Metabolic syndrome, a combination of health conditions such as obesity, high blood pressure, type 2 diabetes, poor lipid profile, is said to affect 35 per cent of adults and 50 per cent aged 60 and above in the US according to a new study published in JAMA.
The study by Robert J. Wong, M.D., M.S., of the Alameda Health System-Highland Hospital, Oakland, California, and his colleagues is based on 2003-2012 NHANES data (a probability sample of the U.S. population). In the study, researchers evaluated trends in the metabolic syndrome among adults aged 20 or above. The researchers stratified metabolic syndrome prevalence by sex, race/ethnicity, and age groups (20-39, 40-59, and 60 years or older).
The researchers found that from 2003-2004 to 2011-2012, overall prevalence of the metabolic syndrome increased from 32.9 per cent to 34.7 per cent. The prevalence of metabolic syndrome from 2007-2008 to 2011-2012 remained stable, as did prevalence trends among men and all race/ethnic groups, whereas prevalence among women decreased from 39.4 per cent in 2007-2008 to 36.6 per cent in 2011-2012.
From 2003 to 2012, prevalence was higher in women compared with men. When stratified by race/ethnicity, the highest prevalence was seen in Hispanics, followed by non-Hispanic whites and blacks.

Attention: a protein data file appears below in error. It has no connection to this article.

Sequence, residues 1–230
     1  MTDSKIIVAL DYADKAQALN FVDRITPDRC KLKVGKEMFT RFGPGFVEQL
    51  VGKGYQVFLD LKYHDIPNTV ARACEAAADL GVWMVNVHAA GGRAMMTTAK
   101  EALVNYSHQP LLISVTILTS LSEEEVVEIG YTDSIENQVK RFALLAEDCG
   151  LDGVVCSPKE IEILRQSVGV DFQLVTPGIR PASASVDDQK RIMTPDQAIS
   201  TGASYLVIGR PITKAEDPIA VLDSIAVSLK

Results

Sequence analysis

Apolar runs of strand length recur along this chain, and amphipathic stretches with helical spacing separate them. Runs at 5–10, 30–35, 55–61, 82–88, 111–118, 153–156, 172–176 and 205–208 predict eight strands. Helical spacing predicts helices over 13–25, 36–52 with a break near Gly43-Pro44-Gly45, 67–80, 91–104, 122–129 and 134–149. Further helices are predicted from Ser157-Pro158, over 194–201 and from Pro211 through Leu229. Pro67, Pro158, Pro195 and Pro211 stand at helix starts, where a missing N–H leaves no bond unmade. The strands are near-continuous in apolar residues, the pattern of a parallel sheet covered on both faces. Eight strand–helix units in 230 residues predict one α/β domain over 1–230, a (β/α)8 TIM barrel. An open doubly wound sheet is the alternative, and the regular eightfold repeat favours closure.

The researchers also found that metabolic syndrome prevalence increased by age groups, increasing from 18.3 per cent among those 20 to 39 years of age to 46.7 per cent among those 60 years or older. Among this age group, more than 50 per cent of women and Hispanics had the metabolic syndrome. The authors write that the high prevalence among the oldest age group is “a concerning observation given the aging U.S. population.”
The researchers add that greater awareness of the metabolic syndrome and its health consequences may have contributed to improvements in optimizing treatment of risk factors such as hypertension and diabetes. “Furthermore, recent NHANES data demonstrate that obesity prevalence in the United States also appears to have stabilized, which also may contribute to the stabilizing prevalence of the metabolic syndrome.”